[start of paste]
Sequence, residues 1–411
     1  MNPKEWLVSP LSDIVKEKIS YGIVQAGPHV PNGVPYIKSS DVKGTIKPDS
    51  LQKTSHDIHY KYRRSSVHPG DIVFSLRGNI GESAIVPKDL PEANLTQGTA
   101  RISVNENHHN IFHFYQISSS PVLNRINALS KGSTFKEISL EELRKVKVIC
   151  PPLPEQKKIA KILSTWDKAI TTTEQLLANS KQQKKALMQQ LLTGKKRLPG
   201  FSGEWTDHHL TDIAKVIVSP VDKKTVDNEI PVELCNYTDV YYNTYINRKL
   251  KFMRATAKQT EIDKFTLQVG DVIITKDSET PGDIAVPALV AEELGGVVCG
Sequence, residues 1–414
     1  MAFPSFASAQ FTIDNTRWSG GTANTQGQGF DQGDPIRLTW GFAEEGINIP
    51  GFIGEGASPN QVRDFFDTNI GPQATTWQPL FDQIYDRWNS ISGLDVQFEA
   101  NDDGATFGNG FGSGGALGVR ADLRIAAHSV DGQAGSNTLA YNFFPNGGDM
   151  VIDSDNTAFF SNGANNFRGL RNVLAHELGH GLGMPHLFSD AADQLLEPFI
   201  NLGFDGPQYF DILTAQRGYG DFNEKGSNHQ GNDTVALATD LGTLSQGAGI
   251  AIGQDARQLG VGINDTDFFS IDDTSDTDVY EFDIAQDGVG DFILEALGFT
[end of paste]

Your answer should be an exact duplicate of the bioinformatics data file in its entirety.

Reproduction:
Sequence, residues 1–411
     1  MNPKEWLVSP LSDIVKEKIS YGIVQAGPHV PNGVPYIKSS DVKGTIKPDS
    51  LQKTSHDIHY KYRRSSVHPG DIVFSLRGNI GESAIVPKDL PEANLTQGTA
   101  RISVNENHHN IFHFYQISSS PVLNRINALS KGSTFKEISL EELRKVKVIC
   151  PPLPEQKKIA KILSTWDKAI TTTEQLLANS KQQKKALMQQ LLTGKKRLPG
   201  FSGEWTDHHL TDIAKVIVSP VDKKTVDNEI PVELCNYTDV YYNTYINRKL
   251  KFMRATAKQT EIDKFTLQVG DVIITKDSET PGDIAVPALV AEELGGVVCG
Sequence, residues 1–414
     1  MAFPSFASAQ FTIDNTRWSG GTANTQGQGF DQGDPIRLTW GFAEEGINIP
    51  GFIGEGASPN QVRDFFDTNI GPQATTWQPL FDQIYDRWNS ISGLDVQFEA
   101  NDDGATFGNG FGSGGALGVR ADLRIAAHSV DGQAGSNTLA YNFFPNGGDM
   151  VIDSDNTAFF SNGANNFRGL RNVLAHELGH GLGMPHLFSD AADQLLEPFI
   201  NLGFDGPQYF DILTAQRGYG DFNEKGSNHQ GNDTVALATD LGTLSQGAGI
   251  AIGQDARQLG VGINDTDFFS IDDTSDTDVY EFDIAQDGVG DFILEALGFT